Cyber expert to 'Post': COVID-19 will flood the world with fraud

Frank McKenna said governments which want to offer grants quickly during COVID-19 run a great risk of being bamboozled. In the US, $100 billion was stolen this way.

Fraud culture is going to flood the world due to the financial crisis caused to the global economy by COVID-19, cybersecurity expert Frank McKenna told The Jerusalem Post ahead of his Wednesday lecture as part of Cyber Week 2020 at Tel Aviv University.  
“Have you heard of the scam-rapper Teejayx6?” he asks. “He wrote a book for people who download his music. It’s called Fraud Bible, a 32-GB how-to guide that will teach you how to commit cybercrime. This is a musician who glorifies the culture of stealing people’s identity for profit in the same manner that Mexican drug cartels are glorified in the Narcocorrido [drug-ballad] genre. He’s on social media, he has nearly 300,000 followers on Instagram, and there are plenty of young people who notice him and say, ‘Hey, why not?’”
What exactly is online fraud? In a world in which billions of people cast a digital shadow, composed of social media profiles, accounts on dating sites, online banking services and streaming options, defining it isn’t always easy.
Many people might beef up their job description on a dating site or use a flattering picture on a social media profile. Others might report that they earn less money than they actually do to pay less taxes – then turn around to the bank and claim they make more money than they do to get a big loan.
For McKenna, “Fraud is when people misrepresent who they are to manipulate others in order to gain things they couldn’t get otherwise.”  
A perfect example of this, he says, is the romantic scam.  
Such a scam targets elderly men and women, usually widowed, who are active on dating sites.  
“Imagine that a widow begins to get a lot of flattering attention from a profile that seems too good to be true, a man who appears to be handsome and in his forties and starts to take an interest in this woman and her life,” he suggests.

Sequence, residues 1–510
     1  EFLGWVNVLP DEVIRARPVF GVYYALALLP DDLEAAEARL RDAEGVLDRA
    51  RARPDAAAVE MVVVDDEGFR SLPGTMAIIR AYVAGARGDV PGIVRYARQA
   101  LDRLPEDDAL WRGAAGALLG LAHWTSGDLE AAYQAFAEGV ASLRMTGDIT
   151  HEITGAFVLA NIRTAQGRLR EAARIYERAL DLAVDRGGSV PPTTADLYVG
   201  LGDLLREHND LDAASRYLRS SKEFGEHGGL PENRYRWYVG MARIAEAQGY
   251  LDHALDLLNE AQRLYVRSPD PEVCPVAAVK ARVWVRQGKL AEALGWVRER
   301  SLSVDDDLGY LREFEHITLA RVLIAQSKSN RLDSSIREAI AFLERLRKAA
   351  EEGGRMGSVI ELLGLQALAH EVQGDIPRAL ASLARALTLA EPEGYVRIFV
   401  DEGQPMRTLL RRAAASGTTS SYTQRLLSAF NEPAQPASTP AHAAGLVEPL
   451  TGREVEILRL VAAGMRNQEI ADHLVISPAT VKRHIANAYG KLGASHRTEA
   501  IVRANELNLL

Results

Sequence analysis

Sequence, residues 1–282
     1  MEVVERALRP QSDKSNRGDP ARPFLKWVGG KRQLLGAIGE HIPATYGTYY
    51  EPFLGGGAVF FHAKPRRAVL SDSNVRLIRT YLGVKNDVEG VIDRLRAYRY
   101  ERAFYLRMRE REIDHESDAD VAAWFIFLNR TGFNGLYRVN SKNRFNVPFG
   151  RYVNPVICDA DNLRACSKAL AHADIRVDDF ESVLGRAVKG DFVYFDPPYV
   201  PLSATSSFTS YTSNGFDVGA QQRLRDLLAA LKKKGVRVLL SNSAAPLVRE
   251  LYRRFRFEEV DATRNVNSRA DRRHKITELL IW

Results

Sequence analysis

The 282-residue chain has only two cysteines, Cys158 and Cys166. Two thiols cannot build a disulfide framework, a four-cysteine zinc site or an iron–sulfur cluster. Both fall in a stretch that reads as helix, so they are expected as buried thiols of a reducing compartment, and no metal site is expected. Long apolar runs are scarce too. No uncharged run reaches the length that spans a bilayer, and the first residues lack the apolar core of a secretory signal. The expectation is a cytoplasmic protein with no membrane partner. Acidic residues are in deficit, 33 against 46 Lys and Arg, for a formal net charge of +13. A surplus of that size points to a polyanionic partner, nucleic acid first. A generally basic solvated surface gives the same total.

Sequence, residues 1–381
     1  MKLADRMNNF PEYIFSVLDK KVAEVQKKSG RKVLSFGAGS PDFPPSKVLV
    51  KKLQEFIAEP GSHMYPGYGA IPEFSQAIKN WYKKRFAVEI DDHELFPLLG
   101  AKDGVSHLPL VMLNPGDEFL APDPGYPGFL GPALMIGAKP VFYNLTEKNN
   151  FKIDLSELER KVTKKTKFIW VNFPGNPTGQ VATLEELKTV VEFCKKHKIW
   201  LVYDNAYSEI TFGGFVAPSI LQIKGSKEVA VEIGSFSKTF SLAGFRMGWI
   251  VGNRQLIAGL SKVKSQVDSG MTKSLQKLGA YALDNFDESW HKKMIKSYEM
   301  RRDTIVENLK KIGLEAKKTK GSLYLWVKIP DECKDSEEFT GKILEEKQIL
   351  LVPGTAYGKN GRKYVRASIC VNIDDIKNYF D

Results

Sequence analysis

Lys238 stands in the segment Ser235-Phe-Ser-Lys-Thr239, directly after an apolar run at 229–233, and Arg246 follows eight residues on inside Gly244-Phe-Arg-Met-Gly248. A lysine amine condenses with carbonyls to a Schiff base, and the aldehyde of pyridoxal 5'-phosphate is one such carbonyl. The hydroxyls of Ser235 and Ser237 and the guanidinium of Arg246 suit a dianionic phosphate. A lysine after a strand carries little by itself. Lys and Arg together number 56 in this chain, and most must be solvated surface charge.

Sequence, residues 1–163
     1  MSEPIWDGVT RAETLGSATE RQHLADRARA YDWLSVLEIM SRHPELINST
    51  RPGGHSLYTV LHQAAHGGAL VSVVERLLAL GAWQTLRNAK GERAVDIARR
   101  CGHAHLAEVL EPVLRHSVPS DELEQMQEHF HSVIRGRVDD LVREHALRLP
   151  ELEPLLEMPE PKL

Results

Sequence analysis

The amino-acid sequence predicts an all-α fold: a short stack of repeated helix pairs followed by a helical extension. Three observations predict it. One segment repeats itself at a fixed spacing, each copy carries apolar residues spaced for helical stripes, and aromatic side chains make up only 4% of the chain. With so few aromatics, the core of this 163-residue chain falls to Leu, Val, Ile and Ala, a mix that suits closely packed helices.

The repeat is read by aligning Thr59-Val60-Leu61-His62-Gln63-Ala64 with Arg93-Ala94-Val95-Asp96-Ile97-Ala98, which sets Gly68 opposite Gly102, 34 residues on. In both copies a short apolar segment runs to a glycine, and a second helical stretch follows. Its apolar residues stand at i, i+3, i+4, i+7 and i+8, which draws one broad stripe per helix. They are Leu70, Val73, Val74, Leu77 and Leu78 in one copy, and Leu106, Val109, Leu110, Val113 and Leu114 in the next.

The online communication quickly becomes emotional, and requests of financial aid begin to pour in.  
“At first it’s a request to help buy a flight ticket to the US to meet up,” he explains. “When the money is sent, the victim is asked to send more money because something has happened which prevented the person on the other end from buying the ticket.”
Studies show that half of those targeted in this way knew something was wrong as they were chatting with the fake profile, but chose to go ahead anyway.  
“The person they were talking to is actually sitting in a web café in Abuja, Nigeria,” McKenna told the Post, “and there is a large subculture in that country that rationalizes it with ideas like, oh, all Americans are rich anyway so it doesn’t matter.
“It’s a culture – people who make a lot of money in this way teach others and boast about it. Fraud is like cancer: If someone gets away with it, it will spread and grow.”  
In the US, where two trillion US dollars were earmarked to offer aid to Americans in the time of COVID-19, cyber criminals were able to steal $100 billion due to the government opting to offer aid quickly and being willing to run less background checks, McKenna says.
In some cases, he explains, “all you had to do was fill an online form.”  
This money, he adds, doesn’t end up in the pockets of adorable slackers who use it to buy pizza and weed. It ends up in the pockets of organized crime groups.  
“In the days of Al Capone, criminals had to break into a home to steal, or to reach their hands into a pocket to lift a wallet,” he said.
“Online, that psychological barrier is removed. The Nigerian scammer will never have to look at the face of the widow who lost her life savings because of him. The scam is done at the press of a button.”  
McKenna is active in Knoble, a human rights group that offers help to fight human trafficking and elderly fraud by bringing together experts from the cyber and law enforcement communities.  
He is also the co-founder of Point Predictive and maintains a blog on cybersecurity called Frankonfraud.
The National Cyber Week is an annual event jointly held by the Blavatnik Interdisciplinary Cyber Research Center, The Yuval Ne’eman Workshop for Science, Technology and Security, Tel Aviv University, the National Cyber Directorate under the Prime Minister’s Office and the Foreign Ministry.
The event was held October 19-21, the first time it was held entirely online, due to COVID-19.
McKenna will lecture on “Devious Minds: The Battle on Corona Relief Funds.”